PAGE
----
Smoking rates in Canada are continuing to drop, as better education about the health risks related to tobacco, and new laws and taxes convince more and more people to shun the habit.
The drop between 2015 and 2016 was a modest one, just 0.4%, meaning that approximately 5.3 million (17.7%) of the country’s 35 million strong population still use tobacco on a semi-regular basis.
This represents a vast improvement on the statistics published at the turn of the millennium however, where over 26% classified themselves as smokers. Since then taxes have been increased, and education from a young age has removed the attraction for many teenagers.
Globally smoking rates have dropped over the last decade, with recently published statistics showing that 22.2% of the planet’s population are still regular tobacco users. These statistics have only risen in Africa, where development and education haven’t gone hand-in-hand.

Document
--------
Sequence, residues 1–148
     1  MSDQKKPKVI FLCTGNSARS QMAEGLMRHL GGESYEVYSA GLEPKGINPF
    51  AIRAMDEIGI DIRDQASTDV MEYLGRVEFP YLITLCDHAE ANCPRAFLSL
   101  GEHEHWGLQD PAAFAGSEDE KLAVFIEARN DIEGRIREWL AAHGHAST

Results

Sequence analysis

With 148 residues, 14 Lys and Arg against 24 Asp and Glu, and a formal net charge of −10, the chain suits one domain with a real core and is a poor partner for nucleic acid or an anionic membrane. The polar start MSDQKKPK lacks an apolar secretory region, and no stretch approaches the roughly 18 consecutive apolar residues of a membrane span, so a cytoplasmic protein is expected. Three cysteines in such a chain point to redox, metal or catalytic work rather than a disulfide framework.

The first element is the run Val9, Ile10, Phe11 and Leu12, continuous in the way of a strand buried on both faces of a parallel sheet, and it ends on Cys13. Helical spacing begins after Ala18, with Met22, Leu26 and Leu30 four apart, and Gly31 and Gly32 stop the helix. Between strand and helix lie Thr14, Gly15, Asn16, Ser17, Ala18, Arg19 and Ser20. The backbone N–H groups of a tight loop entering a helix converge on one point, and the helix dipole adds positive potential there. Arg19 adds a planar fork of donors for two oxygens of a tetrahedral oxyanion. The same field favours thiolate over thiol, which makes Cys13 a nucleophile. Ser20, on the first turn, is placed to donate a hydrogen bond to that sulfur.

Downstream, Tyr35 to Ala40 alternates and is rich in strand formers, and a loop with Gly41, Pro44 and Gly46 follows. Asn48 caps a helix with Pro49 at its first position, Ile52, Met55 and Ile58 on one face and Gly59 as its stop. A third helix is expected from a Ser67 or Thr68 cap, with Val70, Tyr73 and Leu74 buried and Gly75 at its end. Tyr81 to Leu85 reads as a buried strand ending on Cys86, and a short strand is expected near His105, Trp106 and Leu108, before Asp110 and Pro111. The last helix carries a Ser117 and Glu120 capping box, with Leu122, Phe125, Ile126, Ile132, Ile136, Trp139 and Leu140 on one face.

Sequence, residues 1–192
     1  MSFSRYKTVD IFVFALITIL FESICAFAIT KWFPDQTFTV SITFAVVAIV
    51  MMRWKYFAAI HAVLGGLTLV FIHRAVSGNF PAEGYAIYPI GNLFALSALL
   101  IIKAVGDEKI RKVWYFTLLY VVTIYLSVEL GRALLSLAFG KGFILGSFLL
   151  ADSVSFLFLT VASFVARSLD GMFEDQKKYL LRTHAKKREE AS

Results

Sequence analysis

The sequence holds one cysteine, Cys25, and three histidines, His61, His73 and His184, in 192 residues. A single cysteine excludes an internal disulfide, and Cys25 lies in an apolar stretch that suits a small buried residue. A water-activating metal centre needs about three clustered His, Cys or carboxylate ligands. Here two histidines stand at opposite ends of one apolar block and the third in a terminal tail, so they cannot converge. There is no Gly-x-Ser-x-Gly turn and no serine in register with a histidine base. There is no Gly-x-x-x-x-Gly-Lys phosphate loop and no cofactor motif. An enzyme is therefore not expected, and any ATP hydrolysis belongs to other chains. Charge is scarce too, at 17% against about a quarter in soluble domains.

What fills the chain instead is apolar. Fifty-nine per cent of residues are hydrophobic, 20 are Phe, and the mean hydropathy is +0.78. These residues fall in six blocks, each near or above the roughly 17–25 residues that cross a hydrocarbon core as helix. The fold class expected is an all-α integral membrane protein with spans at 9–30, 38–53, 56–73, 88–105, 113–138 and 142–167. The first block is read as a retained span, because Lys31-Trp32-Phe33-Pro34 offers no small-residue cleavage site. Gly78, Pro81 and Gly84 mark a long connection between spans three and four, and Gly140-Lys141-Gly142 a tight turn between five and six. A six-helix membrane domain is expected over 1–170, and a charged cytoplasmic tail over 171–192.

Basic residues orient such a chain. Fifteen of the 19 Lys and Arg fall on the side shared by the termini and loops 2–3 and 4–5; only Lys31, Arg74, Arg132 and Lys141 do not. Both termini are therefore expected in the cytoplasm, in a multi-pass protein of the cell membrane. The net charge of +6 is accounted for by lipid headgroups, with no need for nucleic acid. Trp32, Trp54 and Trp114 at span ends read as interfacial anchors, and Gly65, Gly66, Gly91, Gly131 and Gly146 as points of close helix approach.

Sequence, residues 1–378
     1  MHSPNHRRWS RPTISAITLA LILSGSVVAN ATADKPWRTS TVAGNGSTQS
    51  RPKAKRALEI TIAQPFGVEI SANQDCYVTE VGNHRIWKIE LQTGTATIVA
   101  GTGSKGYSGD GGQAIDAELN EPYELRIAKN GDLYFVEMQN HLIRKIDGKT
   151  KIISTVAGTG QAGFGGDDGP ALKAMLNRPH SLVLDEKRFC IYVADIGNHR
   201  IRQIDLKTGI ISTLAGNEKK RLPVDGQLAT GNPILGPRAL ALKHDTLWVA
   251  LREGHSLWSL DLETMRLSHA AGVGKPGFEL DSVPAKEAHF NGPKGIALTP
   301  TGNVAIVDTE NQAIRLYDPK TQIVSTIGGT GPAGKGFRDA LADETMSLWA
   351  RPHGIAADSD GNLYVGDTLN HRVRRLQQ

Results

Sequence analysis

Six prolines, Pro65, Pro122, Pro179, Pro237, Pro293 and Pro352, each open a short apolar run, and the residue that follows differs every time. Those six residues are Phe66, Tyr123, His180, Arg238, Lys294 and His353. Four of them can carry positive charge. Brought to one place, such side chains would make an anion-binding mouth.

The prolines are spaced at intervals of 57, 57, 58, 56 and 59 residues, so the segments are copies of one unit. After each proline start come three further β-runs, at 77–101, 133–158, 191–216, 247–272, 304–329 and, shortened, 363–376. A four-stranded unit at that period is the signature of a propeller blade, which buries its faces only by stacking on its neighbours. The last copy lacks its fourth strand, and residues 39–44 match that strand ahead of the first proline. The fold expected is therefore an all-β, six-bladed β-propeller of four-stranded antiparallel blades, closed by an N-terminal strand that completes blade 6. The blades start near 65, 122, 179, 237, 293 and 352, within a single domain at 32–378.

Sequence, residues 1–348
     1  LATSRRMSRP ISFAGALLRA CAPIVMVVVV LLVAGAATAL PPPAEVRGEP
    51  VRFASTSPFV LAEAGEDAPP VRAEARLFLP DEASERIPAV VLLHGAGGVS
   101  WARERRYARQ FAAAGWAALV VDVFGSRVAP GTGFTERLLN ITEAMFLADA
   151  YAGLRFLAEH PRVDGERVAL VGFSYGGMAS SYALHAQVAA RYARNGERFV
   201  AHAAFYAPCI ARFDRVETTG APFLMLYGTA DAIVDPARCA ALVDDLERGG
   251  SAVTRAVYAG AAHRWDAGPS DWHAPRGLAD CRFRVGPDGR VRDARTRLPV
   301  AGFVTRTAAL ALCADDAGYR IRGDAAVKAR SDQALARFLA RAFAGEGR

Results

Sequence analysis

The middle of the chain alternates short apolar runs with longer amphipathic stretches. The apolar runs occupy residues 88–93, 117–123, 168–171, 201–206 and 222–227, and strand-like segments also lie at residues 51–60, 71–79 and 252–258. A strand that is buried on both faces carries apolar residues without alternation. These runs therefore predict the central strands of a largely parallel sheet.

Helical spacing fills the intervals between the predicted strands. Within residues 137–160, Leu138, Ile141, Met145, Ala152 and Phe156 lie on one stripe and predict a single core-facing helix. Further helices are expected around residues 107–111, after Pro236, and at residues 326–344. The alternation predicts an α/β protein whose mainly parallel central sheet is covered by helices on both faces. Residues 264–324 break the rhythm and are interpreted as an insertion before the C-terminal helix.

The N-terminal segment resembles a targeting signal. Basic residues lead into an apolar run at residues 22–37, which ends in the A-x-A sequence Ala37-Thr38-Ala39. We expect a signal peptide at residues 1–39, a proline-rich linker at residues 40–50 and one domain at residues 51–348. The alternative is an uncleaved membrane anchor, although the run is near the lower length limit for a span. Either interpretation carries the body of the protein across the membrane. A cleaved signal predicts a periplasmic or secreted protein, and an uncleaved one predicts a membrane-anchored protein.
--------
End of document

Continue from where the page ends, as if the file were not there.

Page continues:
The health risks related to smoking are extreme, smoking causes 90% of lung cancer cases, and puts individuals at a far higher risk of a range of conditions from COPD to cardiovascular issues. This means that it can be a massive drain on the resources of a country’s healthcare sector, potentially removing funding from elsewhere.
Fortunately the reduction in global smoking rates should free-up funding for other areas of healthcare - funding that can be better spent on other, non-lifestyle related, areas.
Canada is fast becoming one of the most popular countries with medics looking to escape from the NHS. A friendly population, generous salary packages and relaxed lifestyle can make it ideal for a Western trained medical professional looking for a change in working lifestyle, without a serious amount of culture shock.
For more information on working in Canada, and for job alerts in your speciality, register on our website today.